Our first reading alludes to Solomon’s dream where God bids the young king to ask for whatever favor he wishes. Instead of asking for wealth and power, Solomon pleads for wisdom. God, in fact, grants him the spirit of wisdom – and power, wealth, health, and beauty, as well. Solomon could only say,
“All good things came to me together with her (wisdom), and countless riches at her hands.”
How much wisdom the world needs today! Never has man had so much access to knowledge and information, yet never has he also been subjected to so much lies and deception that leave him confused and his mind distorted. Just think of the great destruction and harm done by fake news, conspiracy theories, revisionist ideas… in politics, health, social life and even in our relationships. Man may know much, but he has little understanding.
The advances man has made in science and technology are staggering and unprecedented. Yet for all his capability to produce and generate wealth, there has never been so much hunger and poverty in the world. Pope Benedict XVI tells us that, with today’s technology, there should no longer be any reason for anyone on this planet to be hungry.
Wisdom makes us see the true value of things and teaches to make the right decisions. I remember the story of the whistle by Benjamin Franklin. When he was seven years old, Benjamin offered to give all his coppers to a boy in exchange for a whistle which he found fascinating. Later, he learned that that the same amount could have bought him many more whistles and other things besides. He realized that he had paid too much for a tantalizing trifle. We too can readily exchange what is priceless for what is worthless, like when we sell our votes or when we betray a commitment for an illicit relationship.
What is wisdom? In the bible, wisdom is more than just knowledge and science. Wisdom is the ability to see things as God sees them and to understand things as God understands them. Wisdom enables us to view life from the perspective of God himself who created life. Wisdom is born from intimacy with God and communion with him.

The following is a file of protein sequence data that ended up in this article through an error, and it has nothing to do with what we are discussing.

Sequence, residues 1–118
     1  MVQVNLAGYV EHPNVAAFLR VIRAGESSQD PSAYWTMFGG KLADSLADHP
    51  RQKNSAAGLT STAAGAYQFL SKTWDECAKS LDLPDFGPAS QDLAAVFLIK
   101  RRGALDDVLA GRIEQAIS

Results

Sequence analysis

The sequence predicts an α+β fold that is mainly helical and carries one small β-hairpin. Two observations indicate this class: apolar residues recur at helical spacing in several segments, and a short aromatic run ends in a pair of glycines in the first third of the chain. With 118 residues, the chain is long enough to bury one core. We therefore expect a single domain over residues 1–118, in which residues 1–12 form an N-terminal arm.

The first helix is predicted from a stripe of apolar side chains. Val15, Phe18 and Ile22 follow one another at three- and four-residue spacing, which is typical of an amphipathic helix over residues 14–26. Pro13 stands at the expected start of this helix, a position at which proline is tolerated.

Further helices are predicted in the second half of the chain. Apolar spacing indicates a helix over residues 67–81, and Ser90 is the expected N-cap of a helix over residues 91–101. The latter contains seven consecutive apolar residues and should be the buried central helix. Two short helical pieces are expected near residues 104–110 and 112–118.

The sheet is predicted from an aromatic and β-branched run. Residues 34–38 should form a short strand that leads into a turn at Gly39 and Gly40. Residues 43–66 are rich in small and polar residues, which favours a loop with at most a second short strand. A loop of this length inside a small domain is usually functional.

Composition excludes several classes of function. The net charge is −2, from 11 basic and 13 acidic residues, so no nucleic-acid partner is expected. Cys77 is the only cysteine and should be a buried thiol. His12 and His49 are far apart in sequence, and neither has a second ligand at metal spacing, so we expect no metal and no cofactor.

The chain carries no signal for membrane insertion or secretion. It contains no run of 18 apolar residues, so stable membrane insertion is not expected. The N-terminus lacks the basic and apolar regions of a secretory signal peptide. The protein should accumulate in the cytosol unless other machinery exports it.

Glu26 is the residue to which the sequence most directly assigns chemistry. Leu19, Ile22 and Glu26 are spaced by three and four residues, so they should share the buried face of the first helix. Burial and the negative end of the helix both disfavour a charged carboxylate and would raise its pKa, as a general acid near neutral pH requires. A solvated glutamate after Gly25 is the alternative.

In the gospel, a young man approaches Jesus and asks him how to inherit eternal life. Jesus responds by telling him to obey the commandments. Communion with God starts with eliminating sin from our life (thou shalt not kill, thou shalt not commit adultery…), but does not stop there. It leads to radical choice. “Teacher, all of these I have observed from my youth,” the young man replies. Jesus looks at him with love and says, “You are lacking in one thing. Go, sell what you have, and give to the poor and you will have treasure in heaven; then come, follow me.” On hearing this, the youth goes away sad for he has many possessions.
What happens here? What brings an initial sincere longing for eternal life to such an anti-climax? Attachment to wealth can indeed be an obstacle to one’s quest for spiritual goods. More seriously, however, it is the youth’s ignorance of Jesus that prevents him from responding to Jesus’ invitation.
Not knowing who Jesus is, the rich young man does not have the heart to give up his possessions to follow a stranger. He does not know that Jesus is “the Way, the Truth and the Life,” the very eternal life he seeks and wishes to inherit.
Had he chosen Jesus in exchange for his possessions, he would have gained eternal life, and as with Solomon, many more things besides. Answering Peter’s query on what befalls those who have left everything to follow Jesus, the Lord replies, “Amen, I say to you, there is no one who has given up house or brothers or sisters or mother or father or children or lands for my sake and for the sake of the gospel who will not receive a hundred times more now in this present age… and eternal life in the age to come.”*